Bright red and mouthwateringly juicy, watermelon is a nutrient-dense fruit that makes a refreshing low-calorie snack (
When ripe, it provides a great source of natural antioxidants, including lycopene, which is linked to several health benefits, such as protection against heart disease, diabetes, and certain types of cancer (
While the best way to know whether a watermelon is ripe is to taste or check its red flesh, this is generally only possible after you buy it.
If you don't want to go for pre-cut products, picking a sweet and juicy watermelon based on its looks can be quite a challenge.
Here are 6 tips to help you take home a delicious watermelon.
Watermelons come in different sizes and shapes that vary from round to oval to elongated. They can all be a good choice.
Whichever you choose, stick to those with a firm and symmetrical shape, and avoid those with irregular bumps, dents, or cuts.
Irregularities may indicate that the watermelon received inconsistent amounts of water or was not pollinated properly. On the other hand, cuts or dents may point to the presence of insects or fungus (6).
Whether you choose a round, oval, or elongated watermelon, make sure it has a symmetrical and uniform shape without bumps or cuts.
A sweet and ripe watermelon should feel heavy for its size. This usually means that it's full of water and therefore juicier.
In fact, water and fiber content seem to determine a healthy weight in fruits, including watermelon (
Watermelons are 91% water — a characteristic that explains its name. Eating water-rich foods like watermelon helps you achieve a greater feeling of fullness per serving while consuming fewer calories (8).
When choosing a watermelon, go for the one that feels the heaviest for its size.
If you turn a watermelon upside down, you should find a yellow spot, which is also known as the field or ground spot.
This spot shows where the watermelon rested on the ground before being harvested.
A large, yellow spot indicates that it spent more time ripening on the vine and should be sweeter.
On the contrary, a whiter spot suggests that it was picked too soon and didn't reach peak ripeness. Since watermelons don't continue to ripen post-harvest, choosing a watermelon with a whiter spot means you will most likely end up with a plain-flavored one (6).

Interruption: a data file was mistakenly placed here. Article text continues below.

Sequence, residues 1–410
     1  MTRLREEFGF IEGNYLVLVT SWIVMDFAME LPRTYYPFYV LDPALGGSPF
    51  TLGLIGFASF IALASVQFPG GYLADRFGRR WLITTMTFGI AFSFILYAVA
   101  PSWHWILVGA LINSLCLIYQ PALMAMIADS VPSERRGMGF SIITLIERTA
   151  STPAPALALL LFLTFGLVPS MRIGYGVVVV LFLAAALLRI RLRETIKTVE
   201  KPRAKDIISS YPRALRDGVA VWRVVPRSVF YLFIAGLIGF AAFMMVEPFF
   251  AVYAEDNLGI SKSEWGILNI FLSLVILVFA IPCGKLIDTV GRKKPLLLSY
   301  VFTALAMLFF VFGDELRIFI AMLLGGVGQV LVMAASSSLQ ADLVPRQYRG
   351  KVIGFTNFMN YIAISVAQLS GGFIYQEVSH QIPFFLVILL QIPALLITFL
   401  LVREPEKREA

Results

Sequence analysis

Turn around the watermelon and look for a yellow spot, which suggests it reached peak ripeness on the vine. Avoid those with a white spot.
Another way to check the ripeness is by the sound a watermelon makes when you tap or slap it.
Though this method is subjective, it's very popular among watermelon enthusiasts.
In fact, its popularity led researchers to develop a vibration analysis proven to help detect ripeness (
A ripe watermelon should have a deep sound when you thump it with your hand or fist, somewhat resembling a tenor. If it has a hollow or flat sound, it's likely overripe (6).
Try tapping a watermelon with your hand or fist. A ripe one delivers a deep sound, whereas an overripe one sounds hollow or flat.
Checking the firmness of a watermelon refers to the resistance of the rind or skin (6).
A ripe watermelon should have a thick rind that doesn't give easily when pressured. The ones that do are generally overripe.
Also, if you scratch it with your thumbnail, you shouldn't be able to cut through it.
A ripe watermelon should have a firm rind that doesn't give to pressure and is not easily scratched.
A watermelon's tail refers to the piece of stem that remains attached after the fruit is harvested.
Transporting water and nutrients that allow it to grow, the stem connects the plant's leaves, flowers, and fruit to its roots.
A green stem usually indicates that the watermelon was harvested too early and will not be ripe, as it was still growing. On the contrary, a dried stem points to a ripe watermelon.
A watermelon's tail is a piece of stem that remains attached after harvesting. A dry stem usually indicates a ripe watermelon.
Damaged or spoiled watermelons may not be safe to eat.
- Dark-colored spots. These spots may indicate the presence of fungus or bacteria.
- Water-soaked flesh. In this case, the flesh of the watermelon begins to disintegrate, sag, and become dark. It could be due to an oversaturation with water or fungal infection.
- Target cluster. These are target-like configurations believed to be caused by a virus.
- Rind worm injury. This injury manifests itself as an irregular white to light brown pattern on the rind and may be caused by insect feeding.
- Internal rind spots. This is a bacterial disease characterized by tan or brown dry tissue on the inner side of the rind.
- Sour or tangy smell. These are different types of rancid smells that indicate that the flesh has started to ferment.
Damaged or spoiled watermelons may not be safe to eat. Some signs you should pay attention to include dark spots, rind injuries, and a rancid odor.
Picking a sweet and ripe watermelon can be tricky.
Internal indicators, such as a sweet taste and red flesh, are the only definitive factors when determining the ripeness of a watermelon.
However, some external signs may help differentiate the ripe ones from the immature, overripe, or spoiled ones. These include the melon's weight, sound, and rind appearance.
By following some of the tricks above, you'll be able to pick the perfect watermelon next time you're on the hunt for a refreshing, healthy treat.